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Indiana Land Entries. Volume 1: Cincinnati District, 1801-1840
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Indiana Land Entries. Volume 1: Cincinnati District, 1801-1840. Margaret R. Waters. Hardbound, (1948), repr. 2003, New, 241 pp.
The Publisher’s Description: Prior to the original appearance of this work in 1948, the land records for Indiana had never been published, copied, or indexed by name, and unless you knew the exact location of the land on which your ancestors settled, the records were impossible to use. So in 1948 professional genealogist Margaret R. Waters, author of Revolutionary Soldiers Buried in Indiana, copied and published the records to enable researchers to determine if an ancestor did locate in Indiana, and if so, where and when.
The earliest land records of Indiana Territory go back to 1801, when a land office was established in Cincinnati. Tracts were surveyed according to the rectangular survey system first adopted in Ohio, and land was either purchased outright or bought at auction. The earliest tract books, published here, contain the records of the Cincinnati District and extend from April 1801 to August 1840. The area covered is mainly a district known as the "wedge" or "gore," located in the southeastern part of the state and bounded roughly by the Ohio-Indiana state line, the Ohio River, and the Greenville Treaty Line. It comprises all of the present counties of Ohio, Dearborn, Union, and Wayne; most of Switzerland, Fayette, Franklin, and Randolph; and a tiny section of Jay.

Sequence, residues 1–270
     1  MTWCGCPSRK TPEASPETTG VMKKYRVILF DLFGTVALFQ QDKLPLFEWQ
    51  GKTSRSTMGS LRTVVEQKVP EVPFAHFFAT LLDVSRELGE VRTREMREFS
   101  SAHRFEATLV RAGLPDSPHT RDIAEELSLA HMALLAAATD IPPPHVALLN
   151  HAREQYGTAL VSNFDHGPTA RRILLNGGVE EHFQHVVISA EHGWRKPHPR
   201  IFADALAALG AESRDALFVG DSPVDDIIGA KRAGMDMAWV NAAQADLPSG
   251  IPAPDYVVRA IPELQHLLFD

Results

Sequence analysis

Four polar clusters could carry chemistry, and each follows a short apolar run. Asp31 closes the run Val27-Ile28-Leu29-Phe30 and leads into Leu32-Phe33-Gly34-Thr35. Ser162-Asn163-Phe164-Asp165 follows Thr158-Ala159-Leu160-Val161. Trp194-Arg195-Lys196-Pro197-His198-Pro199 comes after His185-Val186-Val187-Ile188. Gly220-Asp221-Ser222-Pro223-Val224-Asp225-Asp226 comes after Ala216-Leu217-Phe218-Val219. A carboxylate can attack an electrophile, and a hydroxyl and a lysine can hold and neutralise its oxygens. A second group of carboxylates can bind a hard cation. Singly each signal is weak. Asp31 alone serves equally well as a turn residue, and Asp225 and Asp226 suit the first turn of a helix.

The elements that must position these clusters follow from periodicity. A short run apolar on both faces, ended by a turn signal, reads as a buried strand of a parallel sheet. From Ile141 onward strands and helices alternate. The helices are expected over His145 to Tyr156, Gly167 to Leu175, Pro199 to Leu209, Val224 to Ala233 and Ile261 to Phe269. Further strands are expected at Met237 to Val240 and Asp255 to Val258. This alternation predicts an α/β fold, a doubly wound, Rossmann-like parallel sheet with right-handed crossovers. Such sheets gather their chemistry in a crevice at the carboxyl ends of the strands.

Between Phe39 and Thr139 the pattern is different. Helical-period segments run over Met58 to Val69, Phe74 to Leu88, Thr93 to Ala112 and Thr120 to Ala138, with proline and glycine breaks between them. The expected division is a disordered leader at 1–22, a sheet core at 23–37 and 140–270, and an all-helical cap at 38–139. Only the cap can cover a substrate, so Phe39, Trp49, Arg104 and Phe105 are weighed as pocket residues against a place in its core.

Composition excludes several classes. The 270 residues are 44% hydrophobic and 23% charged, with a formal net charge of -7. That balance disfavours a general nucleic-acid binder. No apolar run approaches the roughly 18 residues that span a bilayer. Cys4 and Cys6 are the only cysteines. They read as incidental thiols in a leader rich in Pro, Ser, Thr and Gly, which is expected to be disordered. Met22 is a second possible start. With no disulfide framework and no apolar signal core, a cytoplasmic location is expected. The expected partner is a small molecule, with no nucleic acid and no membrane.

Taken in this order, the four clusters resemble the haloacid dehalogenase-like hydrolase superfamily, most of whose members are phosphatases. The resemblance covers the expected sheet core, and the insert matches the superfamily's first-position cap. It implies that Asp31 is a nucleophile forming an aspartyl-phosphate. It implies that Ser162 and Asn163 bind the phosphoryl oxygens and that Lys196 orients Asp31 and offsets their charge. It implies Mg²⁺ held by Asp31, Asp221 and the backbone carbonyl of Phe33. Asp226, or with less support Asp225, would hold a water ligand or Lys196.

The records copied here, including records of purchases made by "squatters" in accordance with the various pre-emption acts, give the names of about 10,000 purchasers of land in the Cincinnati District as well as the specific location of their land and the date of the record. Following the method adopted by the rectangular survey system, most descriptions of land are given as ranges east or west of Indiana's second principal meridian, while townships are identified as being north or south of the established base line.
Invaluable in their own right as genealogical evidence, these records also serve as a substitute for censuses prior to 1820, the year of Indiana's first census, and are thus at the very forefront of Indiana records.